The forecast is for strong demand for energy and resources-related professionals such as drillers, miners, shot firers, truck drivers, earthmovers, trades workers; metal fitters and machinists in manufacturing; plant, equipment and machine operators, mechanical and electrical trade workers in construction; chefs (whose numbers will increase from 600 in 2006 to 1400 in 2031) and registered nurses. The Surat Basin, which already has low unemployment relative to the state (3.7 per cent in the region compared with 5.5 per cent in Queensland in 2010) is likely to experience the effects of strong competition for labour from elsewhere in the nation.
“It is expected that the Surat Basin will need to draw its potential labour supply from within the region, and from other regions, interstate and overseas to meet its needs for a highly skilled workforce,” the Skills Queensland report says.
“Businesses in the Surat Basin are experiencing recruitment difficulties, particularly because applicants lack the required skills and experience, or there are generally too few applicants.”
The task of acquiring the needed labour force faces major challenges, including an aging population, the tendency among those losing jobs to leave the region, school leavers seeking jobs or higher education outside the area and the low proportion of residents with post-school qualifications.
Camm believes new training models need to be adopted in order to fast-track the work readiness of those available to work.
“The slowdown in the resources sector combined with the slowdown in the housing sector will offer a tiny bit of breathing space to put the new training models in place,” he says.
Compelling facts on a growth area
THE Surat Basin comprises the local government areas of Toowoomba, Maranoa and Western Downs. Its population in 2009 was 203,790. This is expected to grow to 301,900 in 2031.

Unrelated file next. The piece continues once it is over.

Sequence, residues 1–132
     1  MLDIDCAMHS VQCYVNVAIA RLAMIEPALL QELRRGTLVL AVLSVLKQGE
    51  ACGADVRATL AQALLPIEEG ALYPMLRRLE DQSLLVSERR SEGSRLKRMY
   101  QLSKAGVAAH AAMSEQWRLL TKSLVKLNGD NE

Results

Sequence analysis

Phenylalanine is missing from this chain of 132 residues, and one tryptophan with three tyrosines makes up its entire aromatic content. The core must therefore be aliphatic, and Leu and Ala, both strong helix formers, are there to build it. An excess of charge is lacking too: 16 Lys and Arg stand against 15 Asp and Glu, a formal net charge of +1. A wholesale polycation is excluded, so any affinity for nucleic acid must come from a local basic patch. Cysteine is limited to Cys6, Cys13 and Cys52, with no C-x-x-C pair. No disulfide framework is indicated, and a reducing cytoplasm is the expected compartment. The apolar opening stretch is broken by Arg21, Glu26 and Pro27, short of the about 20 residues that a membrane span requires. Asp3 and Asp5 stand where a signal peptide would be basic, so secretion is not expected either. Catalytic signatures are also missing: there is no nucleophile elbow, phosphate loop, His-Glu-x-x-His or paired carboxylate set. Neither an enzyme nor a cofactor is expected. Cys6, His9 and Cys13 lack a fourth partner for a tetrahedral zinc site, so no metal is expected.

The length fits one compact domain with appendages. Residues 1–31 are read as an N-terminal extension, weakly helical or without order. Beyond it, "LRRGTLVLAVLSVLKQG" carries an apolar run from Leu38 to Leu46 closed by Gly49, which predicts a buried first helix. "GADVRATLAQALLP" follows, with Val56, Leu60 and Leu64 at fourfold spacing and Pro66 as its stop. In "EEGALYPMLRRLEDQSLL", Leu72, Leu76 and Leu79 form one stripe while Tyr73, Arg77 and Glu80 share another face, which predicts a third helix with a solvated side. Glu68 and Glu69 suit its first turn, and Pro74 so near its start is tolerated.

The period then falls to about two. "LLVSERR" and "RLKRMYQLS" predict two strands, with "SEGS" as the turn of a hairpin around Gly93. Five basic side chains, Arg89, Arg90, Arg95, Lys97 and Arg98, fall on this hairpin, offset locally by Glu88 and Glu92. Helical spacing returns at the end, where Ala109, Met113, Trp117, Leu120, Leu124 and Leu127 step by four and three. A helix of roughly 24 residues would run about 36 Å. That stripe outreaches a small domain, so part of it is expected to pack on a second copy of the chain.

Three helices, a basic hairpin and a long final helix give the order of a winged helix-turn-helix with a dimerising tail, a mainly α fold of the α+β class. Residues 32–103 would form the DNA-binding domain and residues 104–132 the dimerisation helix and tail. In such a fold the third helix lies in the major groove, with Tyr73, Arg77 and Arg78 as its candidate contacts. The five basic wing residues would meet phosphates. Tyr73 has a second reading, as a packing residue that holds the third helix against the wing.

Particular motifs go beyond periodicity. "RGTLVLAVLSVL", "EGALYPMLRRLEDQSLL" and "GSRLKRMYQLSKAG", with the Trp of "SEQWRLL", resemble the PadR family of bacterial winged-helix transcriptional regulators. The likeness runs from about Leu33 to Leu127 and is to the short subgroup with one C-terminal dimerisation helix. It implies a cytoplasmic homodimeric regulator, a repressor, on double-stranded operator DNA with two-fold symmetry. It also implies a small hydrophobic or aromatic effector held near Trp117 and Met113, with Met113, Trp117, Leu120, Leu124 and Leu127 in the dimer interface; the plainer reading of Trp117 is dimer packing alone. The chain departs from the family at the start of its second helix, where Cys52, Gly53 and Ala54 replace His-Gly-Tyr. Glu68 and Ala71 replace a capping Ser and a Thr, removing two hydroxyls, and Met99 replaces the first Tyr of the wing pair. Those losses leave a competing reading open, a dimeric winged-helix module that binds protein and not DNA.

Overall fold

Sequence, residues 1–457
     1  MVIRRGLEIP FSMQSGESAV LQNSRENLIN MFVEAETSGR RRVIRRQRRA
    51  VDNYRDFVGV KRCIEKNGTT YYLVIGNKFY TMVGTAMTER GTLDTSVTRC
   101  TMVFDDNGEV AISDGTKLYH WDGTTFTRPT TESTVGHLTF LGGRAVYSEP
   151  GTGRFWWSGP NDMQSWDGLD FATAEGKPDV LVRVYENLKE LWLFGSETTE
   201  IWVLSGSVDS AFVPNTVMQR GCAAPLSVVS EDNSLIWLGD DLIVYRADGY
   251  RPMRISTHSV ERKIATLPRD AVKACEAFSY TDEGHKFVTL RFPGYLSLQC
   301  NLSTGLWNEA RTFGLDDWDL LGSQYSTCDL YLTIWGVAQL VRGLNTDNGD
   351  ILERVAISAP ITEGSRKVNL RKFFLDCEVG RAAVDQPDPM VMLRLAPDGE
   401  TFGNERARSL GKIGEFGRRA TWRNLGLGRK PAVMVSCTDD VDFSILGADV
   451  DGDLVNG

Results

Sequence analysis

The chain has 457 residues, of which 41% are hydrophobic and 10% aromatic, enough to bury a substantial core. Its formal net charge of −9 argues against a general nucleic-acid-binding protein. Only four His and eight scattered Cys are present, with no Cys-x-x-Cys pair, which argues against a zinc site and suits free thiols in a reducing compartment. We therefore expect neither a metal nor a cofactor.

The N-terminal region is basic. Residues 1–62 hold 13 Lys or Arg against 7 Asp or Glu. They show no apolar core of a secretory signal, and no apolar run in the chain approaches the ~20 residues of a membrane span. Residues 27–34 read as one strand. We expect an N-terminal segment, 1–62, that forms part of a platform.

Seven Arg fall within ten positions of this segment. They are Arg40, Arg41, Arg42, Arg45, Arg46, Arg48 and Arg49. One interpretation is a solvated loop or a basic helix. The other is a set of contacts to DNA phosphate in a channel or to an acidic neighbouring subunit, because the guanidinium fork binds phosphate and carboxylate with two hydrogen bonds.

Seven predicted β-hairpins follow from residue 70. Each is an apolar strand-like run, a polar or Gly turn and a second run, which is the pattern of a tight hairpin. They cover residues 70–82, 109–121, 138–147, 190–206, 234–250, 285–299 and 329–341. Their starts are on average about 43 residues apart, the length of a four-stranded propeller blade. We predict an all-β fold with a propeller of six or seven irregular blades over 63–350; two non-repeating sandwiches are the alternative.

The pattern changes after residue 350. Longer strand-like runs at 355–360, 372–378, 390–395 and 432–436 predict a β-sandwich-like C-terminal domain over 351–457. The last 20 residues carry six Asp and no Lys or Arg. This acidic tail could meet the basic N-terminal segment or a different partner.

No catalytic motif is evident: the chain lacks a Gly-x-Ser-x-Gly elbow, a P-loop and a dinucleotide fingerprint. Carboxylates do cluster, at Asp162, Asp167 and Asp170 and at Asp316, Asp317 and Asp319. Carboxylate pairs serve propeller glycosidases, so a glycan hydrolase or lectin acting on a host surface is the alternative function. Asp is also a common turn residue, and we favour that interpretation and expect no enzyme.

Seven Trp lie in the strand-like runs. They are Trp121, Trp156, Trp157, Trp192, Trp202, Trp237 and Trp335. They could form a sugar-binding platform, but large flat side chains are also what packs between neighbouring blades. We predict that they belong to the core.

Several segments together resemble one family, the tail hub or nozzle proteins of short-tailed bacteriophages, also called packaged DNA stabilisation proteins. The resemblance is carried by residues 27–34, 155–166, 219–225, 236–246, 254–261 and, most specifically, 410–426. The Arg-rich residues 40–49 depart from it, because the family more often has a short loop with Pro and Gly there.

The total workforce in the region is set to grow from 85,791 in 2009 to 110,800 in 2016 and 158,000 in 2031, according to Skills Queensland’s report outlining workforce development plan for the region.
The region has one of our largest energy resources, with an estimated 20 per cent of Queensland’s coal reserves and 65 per cent of the state’s gas reserves.
The fastest-growing workforce will be the CSG-LNG industry, albeit coming off a low base.
Other growth areas in the next four years will be construction (7.6 per cent a year); electricity, gas, water and waste services (5.6 per cent); professional, scientific and technical services (6.2 per cent); and rental, hiring and real estate services (5.3 per cent).
The Surat Basin has unemployment levels of about 2 per cent. This includes Toowoomba’s unemployment of 4.2 per cent.
The Surat Basin labour force is likely to grow by 3.7 per cent a year over five years, requiring about 3600 new positions a year, says Skills Queensland.
Agriculture industry, a major employer in the region, will remain stable, economic projections to 2031 show.
Oil and gas sector workforce will increase from 290 in 2009 to 1400 in 2016 and 3000 in 2031. Coal mining employment will grow by 9.9 per cent annually over two decades.
“The Australian” October 02, 2012 12:01AM